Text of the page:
Upcoming shows you should check out


Saturday, Dec. 20, The Garage, Winston-Salem, 336.777.1127

This has been a big year in Winston for shows with diverse lineups. However, it’s rare to find acts that flow together with such odd fluidity that they’re able to hold the audience’s attention beginning to end. Luckily, on December 20 at The Garage, Winston- Salem’s biggest local wildfire, Must Be The Holy Ghost, is going to be sharing the stage with three out-of-town bands, and it’s likely to be as intriguing as it is wild. Coming from Charlottesville, Virginia, is the haunting electronic sounds of the beautiful Alethea Leventhal as Ships In The Night. Durham rapper Professor Toon will be joining with the same sharp delivery that he showcased at Hopscotch Music Festival earlier this year. Also from the Raleigh/Durham area is psych-rock group SOON, who will be making their Winston-Salem debut. This, on top of all the other reasons to check this out, begs the question: Who doesn’t like to be a part of someone’s first time? The ticket price is yet to be announced (In our experience, tickets rarely exceed $10, so budget accordingly) and the show is slated to start at 9 p.m. – Bryn Hermansen


Thursday, Dec. 28, Ziggy’s, Winston-Salem, 336.722.5000

If you want to point fingers at southern rock infiltrating the hip-hop genre, most modern fingers will land on Bubba Sparxxx. In recent years, though, an Alabama progeny by the name of Yelawolf has taken the lead as the banner-carrier of the redneck rap. But the thing is it’s not redneck rap. It’s a self-proclaimed redneck whose vocal delivery happens to come with a twang that nestles itself perfectly into the melody of rapping. Yelawolf (birth name Michael Wayne Atha) hasn’t conformed to the trend of late by lacing pop vocals in and out of banging bass drops, but rather lets the topography of his vocal inflections trace the map that is, in fact, an honest and emotional autobiography of the struggle he grew up with. Yelawolf has been homeless, jobless, pennyless and at the bottom, but, in true southern form, he grabbed his bootstraps and pulled himself up out of it — penning a deal with Shady Records, rocking a cover of XXL Magazine, releasing an album alongside Travis Barker, and ultimately taking over hip-hop, if only for a moment. Don’t let the head-to-toe tattoos fool you; this guy can flow like water when the microphone is in his hand. Tickets are $20 (adv) and $25 (day of show). RITTZ, Big Henry and DJ Klever share the bill. Doors open at 8 p.m. with the show starting at 9 p.m.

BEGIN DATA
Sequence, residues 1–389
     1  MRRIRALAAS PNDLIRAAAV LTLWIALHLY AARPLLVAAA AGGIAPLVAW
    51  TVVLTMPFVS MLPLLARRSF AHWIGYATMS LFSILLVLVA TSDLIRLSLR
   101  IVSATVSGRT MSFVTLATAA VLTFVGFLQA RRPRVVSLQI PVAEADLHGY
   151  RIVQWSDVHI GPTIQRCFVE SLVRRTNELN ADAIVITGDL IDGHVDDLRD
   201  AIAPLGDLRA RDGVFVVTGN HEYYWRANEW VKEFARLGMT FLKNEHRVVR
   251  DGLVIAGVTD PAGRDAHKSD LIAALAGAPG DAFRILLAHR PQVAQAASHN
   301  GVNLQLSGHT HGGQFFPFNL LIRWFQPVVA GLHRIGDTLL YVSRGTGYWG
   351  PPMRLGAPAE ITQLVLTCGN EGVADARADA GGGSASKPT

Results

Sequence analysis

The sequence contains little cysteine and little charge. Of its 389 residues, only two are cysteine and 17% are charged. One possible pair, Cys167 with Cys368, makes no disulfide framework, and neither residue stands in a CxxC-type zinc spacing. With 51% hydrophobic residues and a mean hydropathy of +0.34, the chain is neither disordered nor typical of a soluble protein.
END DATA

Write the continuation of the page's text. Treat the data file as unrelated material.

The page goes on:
Saturday, Dec. 20, Cone Denim Entertainment Center, Greensboro, 336.378.9646

The Partridge Family might have paved the way for family bands, but Echosmith is certainly taking those reigns, even if they aren’t singing alongside their parents. Comprised of four siblings, Echosmith first caught mainstream attention when releasing a steady stream of pop covers, but really hit the national spotlight when they found a comfortable home on the 2014 Vans Warped Tour for the second time. Their hit song, “Cool Kids,” has lead singer Sydney Sierota crooning on about being popular — something every teen struggles with when growing up in the hostile high school environment, but the song actually resonates well with any radio music kind of person. With ages ranging from 21 down to 15 (youngest brother Graham Sierota keeps tempo on the skins), Echosmith is easily one of the bubblier break-out acts from 2013 that are still finding success in the current. Tickets for Echosmith start at $15 and go up to $95, depending on your seating location in Cone Denim Center. Show starts at 9 p.m. !